We did not observe an association between anti-MCV and ExRA as total group. Our data are similar to those described by Sghiri et al. [10]. Although, as described above, we have found a weak but significant association between positivity for this autoantibody and rheumatoid nodules, finding that requires to be reproduced by other studies. An association was observed between the nonutilization of MTX and ExRA, although this association was not observed with dose or anti-TNF agents. Mikuls et al. identified that during the course of treatment, around a half of their patients experienced a decrease in RF or anti-CCP levels [18]. These data are in concordance with our findings related to lower frequency of ExRA in MTX users. On the other side Nicaise Roland et al. have described that patients with RA treated with infliximab may have a decrease in anti-CCP and anti-MCV levels with the therapy [19]. We did not identified statistical differences on the frequency of ExRA in users of anti-TNF agents, nevertheless, a clear limitation for our analysis is the small proportion of patients that were treated with these agents.

Our study has several limitations, first because our study was designed to include consecutive patients with RA tested for presence of ExRA and although we evaluated 225 patients, we were unable to identify a significant number of severe ExRA, therefore, we did not test associations in these subgroups. Nevertheless, we identified a significant number of patients with nonsevere ExRA and found no associations except for rheumatoid nodules. Another limitation inherent to this cross-sectional design is that we only tested for anti-CCP and anti-MCV antibodies in one occasion, being necessary in further studies to test these auto-antibodies several times to identify variations in their titers. Hence, further longitudinal studies are required to test if patients with RA with higher titers for these autoantibodies will develop a higher rate of ExRA in the long-run. Another limitation of our study is the long disease duration observed in some of our patients, in this case is expected that the age of our patients at the time of the study is closely related with RA duration. Therefore we observed in the multivariate analysis that disease duration is relevant confounder in the final model.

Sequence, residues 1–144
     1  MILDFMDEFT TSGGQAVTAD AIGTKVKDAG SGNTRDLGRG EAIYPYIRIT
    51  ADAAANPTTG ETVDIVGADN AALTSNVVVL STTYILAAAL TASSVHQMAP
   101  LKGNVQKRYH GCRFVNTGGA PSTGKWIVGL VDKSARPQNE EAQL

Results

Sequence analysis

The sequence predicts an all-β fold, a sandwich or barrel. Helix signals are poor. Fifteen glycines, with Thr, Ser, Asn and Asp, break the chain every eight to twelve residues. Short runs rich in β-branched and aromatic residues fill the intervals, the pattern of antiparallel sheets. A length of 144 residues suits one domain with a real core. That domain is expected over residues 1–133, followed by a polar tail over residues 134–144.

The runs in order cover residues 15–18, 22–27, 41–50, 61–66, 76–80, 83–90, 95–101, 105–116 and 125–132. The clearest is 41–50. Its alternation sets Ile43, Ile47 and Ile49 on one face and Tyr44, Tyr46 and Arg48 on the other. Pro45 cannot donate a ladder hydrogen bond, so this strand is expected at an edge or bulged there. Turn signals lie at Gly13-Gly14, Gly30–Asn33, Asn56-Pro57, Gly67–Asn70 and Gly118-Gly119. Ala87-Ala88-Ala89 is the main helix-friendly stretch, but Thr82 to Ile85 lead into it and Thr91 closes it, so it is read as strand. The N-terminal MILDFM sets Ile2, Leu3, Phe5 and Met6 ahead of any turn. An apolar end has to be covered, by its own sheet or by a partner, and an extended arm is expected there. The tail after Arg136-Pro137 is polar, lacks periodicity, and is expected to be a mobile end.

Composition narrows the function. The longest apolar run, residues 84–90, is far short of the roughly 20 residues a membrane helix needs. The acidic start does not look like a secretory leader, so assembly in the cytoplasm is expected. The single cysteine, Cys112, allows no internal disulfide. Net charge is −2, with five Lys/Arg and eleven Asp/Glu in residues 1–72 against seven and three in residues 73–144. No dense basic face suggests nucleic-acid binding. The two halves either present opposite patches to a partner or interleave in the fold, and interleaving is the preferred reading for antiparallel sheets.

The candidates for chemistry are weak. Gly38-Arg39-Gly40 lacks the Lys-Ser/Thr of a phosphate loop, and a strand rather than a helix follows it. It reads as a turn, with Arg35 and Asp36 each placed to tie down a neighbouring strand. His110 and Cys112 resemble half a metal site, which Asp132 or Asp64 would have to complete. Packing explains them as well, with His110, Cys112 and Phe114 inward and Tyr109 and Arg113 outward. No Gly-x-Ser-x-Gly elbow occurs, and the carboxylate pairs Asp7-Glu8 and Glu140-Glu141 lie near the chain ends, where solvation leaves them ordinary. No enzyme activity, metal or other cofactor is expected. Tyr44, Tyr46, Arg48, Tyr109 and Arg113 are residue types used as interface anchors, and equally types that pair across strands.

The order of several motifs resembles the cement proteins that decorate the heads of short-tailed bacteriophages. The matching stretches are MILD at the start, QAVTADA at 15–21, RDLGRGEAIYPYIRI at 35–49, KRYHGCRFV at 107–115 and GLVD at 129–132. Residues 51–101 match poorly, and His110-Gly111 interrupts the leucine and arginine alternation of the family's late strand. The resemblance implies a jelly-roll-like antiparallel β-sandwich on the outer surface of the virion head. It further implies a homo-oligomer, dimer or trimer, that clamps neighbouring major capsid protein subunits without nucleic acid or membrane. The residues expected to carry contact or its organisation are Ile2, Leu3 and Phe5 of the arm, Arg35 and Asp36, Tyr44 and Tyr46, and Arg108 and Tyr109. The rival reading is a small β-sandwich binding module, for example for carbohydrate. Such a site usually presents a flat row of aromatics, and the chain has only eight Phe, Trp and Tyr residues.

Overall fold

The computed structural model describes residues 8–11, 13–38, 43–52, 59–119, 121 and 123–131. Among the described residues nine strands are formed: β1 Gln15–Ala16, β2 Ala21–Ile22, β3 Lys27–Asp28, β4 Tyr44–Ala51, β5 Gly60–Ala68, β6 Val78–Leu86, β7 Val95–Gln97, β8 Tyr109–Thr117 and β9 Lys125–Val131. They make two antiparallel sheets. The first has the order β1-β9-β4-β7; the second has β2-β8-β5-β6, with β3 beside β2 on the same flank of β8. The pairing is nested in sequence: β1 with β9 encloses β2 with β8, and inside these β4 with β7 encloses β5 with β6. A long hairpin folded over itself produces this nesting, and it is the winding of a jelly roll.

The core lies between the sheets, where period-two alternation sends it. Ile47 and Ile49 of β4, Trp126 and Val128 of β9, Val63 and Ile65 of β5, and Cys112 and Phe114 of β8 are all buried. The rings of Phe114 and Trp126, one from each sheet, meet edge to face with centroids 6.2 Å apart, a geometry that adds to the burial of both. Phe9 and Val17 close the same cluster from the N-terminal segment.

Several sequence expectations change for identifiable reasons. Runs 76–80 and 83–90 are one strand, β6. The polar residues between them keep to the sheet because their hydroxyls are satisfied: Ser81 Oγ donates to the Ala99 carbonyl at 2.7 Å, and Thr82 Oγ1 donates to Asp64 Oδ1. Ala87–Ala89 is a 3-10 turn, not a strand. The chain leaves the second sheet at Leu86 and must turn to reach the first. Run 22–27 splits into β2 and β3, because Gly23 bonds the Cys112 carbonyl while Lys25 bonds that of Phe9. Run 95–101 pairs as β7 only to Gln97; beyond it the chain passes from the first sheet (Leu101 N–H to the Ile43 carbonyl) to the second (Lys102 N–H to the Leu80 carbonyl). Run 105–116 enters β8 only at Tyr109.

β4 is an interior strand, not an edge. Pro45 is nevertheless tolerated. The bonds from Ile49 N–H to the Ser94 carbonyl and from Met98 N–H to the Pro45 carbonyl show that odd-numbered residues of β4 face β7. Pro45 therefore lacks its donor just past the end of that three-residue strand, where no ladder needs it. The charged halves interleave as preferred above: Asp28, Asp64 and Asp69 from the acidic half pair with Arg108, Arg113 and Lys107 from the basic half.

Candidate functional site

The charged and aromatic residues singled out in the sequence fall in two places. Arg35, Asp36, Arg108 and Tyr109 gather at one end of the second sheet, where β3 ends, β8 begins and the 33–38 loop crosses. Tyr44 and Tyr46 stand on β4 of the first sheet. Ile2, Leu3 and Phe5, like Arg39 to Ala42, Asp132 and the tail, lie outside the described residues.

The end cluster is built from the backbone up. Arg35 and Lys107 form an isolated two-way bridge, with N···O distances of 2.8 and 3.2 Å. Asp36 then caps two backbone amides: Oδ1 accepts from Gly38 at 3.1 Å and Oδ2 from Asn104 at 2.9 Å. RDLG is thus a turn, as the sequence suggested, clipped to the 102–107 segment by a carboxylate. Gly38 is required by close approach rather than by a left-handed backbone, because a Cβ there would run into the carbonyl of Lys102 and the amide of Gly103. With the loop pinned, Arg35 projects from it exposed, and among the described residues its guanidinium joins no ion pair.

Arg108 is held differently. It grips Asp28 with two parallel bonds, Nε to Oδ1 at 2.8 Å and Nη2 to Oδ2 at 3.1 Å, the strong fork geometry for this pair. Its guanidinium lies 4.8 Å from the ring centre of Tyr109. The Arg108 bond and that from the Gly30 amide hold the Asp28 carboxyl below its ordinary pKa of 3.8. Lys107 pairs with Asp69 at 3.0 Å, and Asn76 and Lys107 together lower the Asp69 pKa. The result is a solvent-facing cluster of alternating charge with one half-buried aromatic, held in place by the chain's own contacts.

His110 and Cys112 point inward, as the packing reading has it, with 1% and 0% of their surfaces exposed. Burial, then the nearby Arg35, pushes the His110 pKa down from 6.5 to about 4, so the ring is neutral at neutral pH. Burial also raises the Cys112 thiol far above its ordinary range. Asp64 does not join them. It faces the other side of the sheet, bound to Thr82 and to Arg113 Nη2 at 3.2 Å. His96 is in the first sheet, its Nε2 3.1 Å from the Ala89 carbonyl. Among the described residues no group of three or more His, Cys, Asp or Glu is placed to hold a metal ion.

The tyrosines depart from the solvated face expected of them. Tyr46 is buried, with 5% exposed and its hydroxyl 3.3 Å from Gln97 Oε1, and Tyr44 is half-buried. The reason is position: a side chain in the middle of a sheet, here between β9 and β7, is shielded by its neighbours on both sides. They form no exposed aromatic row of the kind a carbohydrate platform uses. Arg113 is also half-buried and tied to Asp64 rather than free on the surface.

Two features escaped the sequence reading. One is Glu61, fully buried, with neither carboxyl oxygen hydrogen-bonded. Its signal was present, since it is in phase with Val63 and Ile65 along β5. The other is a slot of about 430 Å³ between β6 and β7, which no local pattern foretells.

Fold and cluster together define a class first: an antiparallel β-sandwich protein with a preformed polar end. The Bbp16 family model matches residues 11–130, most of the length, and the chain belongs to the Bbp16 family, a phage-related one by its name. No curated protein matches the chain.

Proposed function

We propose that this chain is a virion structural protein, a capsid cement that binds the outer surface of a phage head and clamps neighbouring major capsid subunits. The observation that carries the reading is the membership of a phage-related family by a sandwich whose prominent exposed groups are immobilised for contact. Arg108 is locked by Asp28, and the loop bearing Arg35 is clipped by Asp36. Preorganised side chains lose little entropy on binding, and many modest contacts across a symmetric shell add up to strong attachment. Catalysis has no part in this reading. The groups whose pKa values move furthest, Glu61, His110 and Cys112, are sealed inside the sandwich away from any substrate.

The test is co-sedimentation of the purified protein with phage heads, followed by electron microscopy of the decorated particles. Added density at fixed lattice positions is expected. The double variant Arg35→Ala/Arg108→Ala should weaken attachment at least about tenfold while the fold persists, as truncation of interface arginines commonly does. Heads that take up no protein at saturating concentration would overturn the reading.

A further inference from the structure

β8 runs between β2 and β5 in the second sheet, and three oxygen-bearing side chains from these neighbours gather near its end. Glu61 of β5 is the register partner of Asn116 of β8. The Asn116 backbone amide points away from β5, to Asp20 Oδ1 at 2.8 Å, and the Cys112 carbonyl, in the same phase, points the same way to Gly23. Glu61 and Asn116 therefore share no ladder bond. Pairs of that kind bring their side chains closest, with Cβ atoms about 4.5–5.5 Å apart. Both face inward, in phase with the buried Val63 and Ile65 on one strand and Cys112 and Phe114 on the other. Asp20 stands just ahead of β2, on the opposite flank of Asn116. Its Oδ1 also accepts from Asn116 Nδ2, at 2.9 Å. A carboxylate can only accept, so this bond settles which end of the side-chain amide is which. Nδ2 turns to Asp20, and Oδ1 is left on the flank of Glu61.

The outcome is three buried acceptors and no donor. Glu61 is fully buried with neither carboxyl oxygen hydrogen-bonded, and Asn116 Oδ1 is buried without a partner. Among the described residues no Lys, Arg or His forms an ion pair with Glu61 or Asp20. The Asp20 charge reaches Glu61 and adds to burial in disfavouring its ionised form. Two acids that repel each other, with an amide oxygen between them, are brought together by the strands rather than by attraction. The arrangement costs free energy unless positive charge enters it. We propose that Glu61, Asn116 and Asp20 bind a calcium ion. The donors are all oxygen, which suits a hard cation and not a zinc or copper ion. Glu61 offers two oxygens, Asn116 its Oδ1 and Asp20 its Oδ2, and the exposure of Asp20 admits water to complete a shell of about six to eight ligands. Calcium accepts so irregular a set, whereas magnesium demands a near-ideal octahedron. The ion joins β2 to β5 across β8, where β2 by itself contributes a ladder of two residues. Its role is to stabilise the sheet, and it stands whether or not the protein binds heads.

Relevantly, in the best of our knowledge this is the first study performed in Mexican patients that test the association between anti-CCP or anti-MCV anti-bodies with ExRA, and also is one of the few studies where patients are obtained from a secondary-care center; this last characteristic constitutes an advantage compared with studies performed in tertiary-care centers where ExRA is expected be more severe and are more likely to have referral bias.

In conclusion, we identified that 42% of our patients with RA have extra-articular manifestations. Variables associated with ExRA were age, disease duration, DAS-28 score, and HAQ-DI score. This study did not observe an association between ExRA as total group and the positivity or titers of anti-CCP or anti-MCV antibodies. Although a weak association was observed between positivity for these autoantibodies and rheumatoid nodules. Further studies with more severe ExRA should be performed to identify if these autoantibodies are associated with these specific manifestations.

Conflict of Interests

All authors declare that there is no conflict of interests regarding the publication of this paper.


This project was financed by a Grant from the Mexican Institute for Social Security (IMSS), Fondo de Investigación en Salud (FIS) no. FIS/IMSS/PROTMD11/998.